I read and pondered Hebrews 1-6 in my “Come, Follow Me” studies this week. Many scholars accept the Apostle Paul to be the writer of the Epistle to the Hebrews, so I will refer to the writer as Paul.
The Hebrew Saints were having a difficult time. They had accepted the gospel of Jesus Christ, but their revered beliefs and traditions founded in worshiping the one true God and the words of His prophets. Their beliefs and traditions went back for thousands of years. It must have been difficult for them when the Apostles taught the Jesus Christ fulfilled the law of Moses and had set forth a higher law as a standard of belief.
In his Epistle to the Hebrews Paul tried to settle their questions. He taught them that the law of Moses, the prophets, and the ordinances are all important, but Jesus Christ is more important than all of them. He said that all things point to and testify that Jesus Christ is the Son of God and the promised Messiah for whom the Jews had been waiting. The message of Hebrews can be summed up in the idea that we sometimes must give up some good things, like traditions, to put Jesus Christ in the center of our lives. Our eternal salvation depends on Him.
Paul discussed numerous topics in his Epistle to the Hebrews, but I feel impressed to discuss his teachings in Hebrew 6. In the first verse of this chapter, the King James Version of the New Testament says, “Therefore leaving the principles of the doctrine of Christ, let us go on unto perfection….” This verse can be confusing because it leaves the question, how do we become perfect without the principles and doctrine of Jesus Christ?
We are fortunate to live in a day when prophets and apostles walk the earth once again. The Joseph Smith Translation of Hebrews 6:1 helps us to understand it better. “Therefore not leaving the principles of the doctrine of Christ” (in Hebrews 6:1, footnote a). The New Testament Student Manual – Religion 211-212 [2014, 478) says that this “change supports the original Greek text of the phrase, which translates as ‘having left behind the beginning of the doctrine.’ The quote continues as follows.
The Saints addressed in Hebrews had already received the first principles, ordinances, and doctrines of the gospel (including faith, repentance, baptism, and the laying on of hands for the gift of the Holy Ghost; see Hebrews 6:1-2). They were not to abandon those principles but were to continue growing toward spiritual maturity from that beginning point (compare 2 Nephi 31:5-21).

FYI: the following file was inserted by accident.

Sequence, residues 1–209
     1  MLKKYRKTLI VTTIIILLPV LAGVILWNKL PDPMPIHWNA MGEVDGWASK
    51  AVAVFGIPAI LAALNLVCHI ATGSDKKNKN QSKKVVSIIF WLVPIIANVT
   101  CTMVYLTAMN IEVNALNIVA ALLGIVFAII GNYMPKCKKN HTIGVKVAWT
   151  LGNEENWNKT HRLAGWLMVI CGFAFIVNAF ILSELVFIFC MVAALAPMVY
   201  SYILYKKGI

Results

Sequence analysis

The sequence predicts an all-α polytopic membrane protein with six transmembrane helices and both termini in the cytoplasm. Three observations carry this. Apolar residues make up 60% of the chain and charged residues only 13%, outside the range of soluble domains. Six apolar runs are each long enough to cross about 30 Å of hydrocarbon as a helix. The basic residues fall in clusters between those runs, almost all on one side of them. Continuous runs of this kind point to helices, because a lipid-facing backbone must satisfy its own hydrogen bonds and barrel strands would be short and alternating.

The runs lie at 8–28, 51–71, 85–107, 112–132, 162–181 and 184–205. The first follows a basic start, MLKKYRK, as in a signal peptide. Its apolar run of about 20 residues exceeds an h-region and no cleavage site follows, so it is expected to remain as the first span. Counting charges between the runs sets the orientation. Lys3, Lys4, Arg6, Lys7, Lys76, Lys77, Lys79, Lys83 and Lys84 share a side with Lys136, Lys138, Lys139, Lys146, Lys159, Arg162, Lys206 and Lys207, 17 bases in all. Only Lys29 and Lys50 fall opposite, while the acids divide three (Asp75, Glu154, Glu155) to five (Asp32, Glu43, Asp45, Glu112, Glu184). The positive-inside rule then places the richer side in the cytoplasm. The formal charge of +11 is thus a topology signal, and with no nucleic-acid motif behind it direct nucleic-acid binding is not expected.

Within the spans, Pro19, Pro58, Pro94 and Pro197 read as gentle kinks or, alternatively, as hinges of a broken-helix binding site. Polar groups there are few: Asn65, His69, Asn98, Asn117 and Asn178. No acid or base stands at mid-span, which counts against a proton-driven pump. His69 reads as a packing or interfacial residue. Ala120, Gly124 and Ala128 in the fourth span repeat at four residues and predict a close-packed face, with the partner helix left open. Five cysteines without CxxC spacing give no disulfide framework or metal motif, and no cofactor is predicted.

The Joseph Smith Translation of Hebrews 6:3 also contains a significant addition: “And we will go on unto perfection if God permit” (in the Bible appendix).
The Apostle Paul was concerned that some of the Hebrew Saints would fall away from the gospel of Jesus Christ and then commit the unpardonable sin. The unpardonable sin is to fight against the Savior and to put Him to open shame, almost like crucifying Him once again. Those who commit this unpardonable sin will not be forgiven because they turn from the truth, commit blasphemy, and refuse to repent. The Prophet Joseph Smith defined this blasphemy as follows.
What must a man do to commit the unpardonable sin? He must receive the Holy Ghost, have the heavens opened unto him, and know God, and then sin against him. After a man has sinned against the Holy Ghost, there is no repentance for him. He has got to say that the sun does not shine while he sees it; he has got to deny Jesus Christ when the heavens have been opened unto him, and to deny the plan of salvation with his eyes open to the truth of it; and from that time he begins to be an enemy” (in History of the Church, 6:314).
The above statement may be a little frightening to some members of The Church of Jesus Christ of Latter-day Saints. I was a little concerned when I read the statement again. The following words of President Spencer W. Kimball put my heart at peace: “The sin against the Holy Ghost requires such knowledge that it is manifestly impossible for the rank and file [members of the Church] to commit such a sin” (The Miracle of Forgiveness , 123).
President Boyd K. Packer of the Quorum of the Twelve Apostles also reassured Church members: “Save for those few who defect to perdition after having known a fulness, there is no habit, no addiction, no rebellion, no transgression, no offense exempted from the promise of complete forgiveness” (“The Brilliant Morning of Forgiveness,” Ensign, Nov 1995, 19).
The Apostle Paul wanted the readers of his Epistle to the Hebrews to have hope. He said that hope is “an anchor of the soul” (Hebrews 6:19). Hope is the quality that helps us to endure in faith. It is the assurance that we will receive our reward if we continue doing works of righteousness. (See Doctrine and Covenants 59:23.)
President Dieter F. Uchtdorf, then of the First Presidency, spoke of hope in one of his general conference addresses. His words help us to better understand what Paul was trying to tell the Hebrew Saints.
Hope is a gift of the Spirit. It is a hope that through the Atonement of Jesus Christ and the power of His Resurrection, we shall be raised unto life eternal and this because of our faith in the Savior. This kind of hope is both a principle of promise as well as a commandment, and, as with all commandments, we have the responsibility to make it an active part of our lives and overcome the temptation to lose hope. Hope in our Heavenly Father’s merciful plan of happiness leads to peace, mercy, rejoicing, and gladness. The hope of salvation is like a protective helmet; it is the foundation of our faith and an anchor to our souls” (“The Infinite Power of Hope,” Ensign, Nov. 2008, 21-22).
To summarize Hebrews 6, I would say that we must do all that we can to avoid the “thorns and briers” of the world and keep our testimony of the gospel strong and growing. As we strengthen our faith in Jesus Christ, we can also have hope in His promises.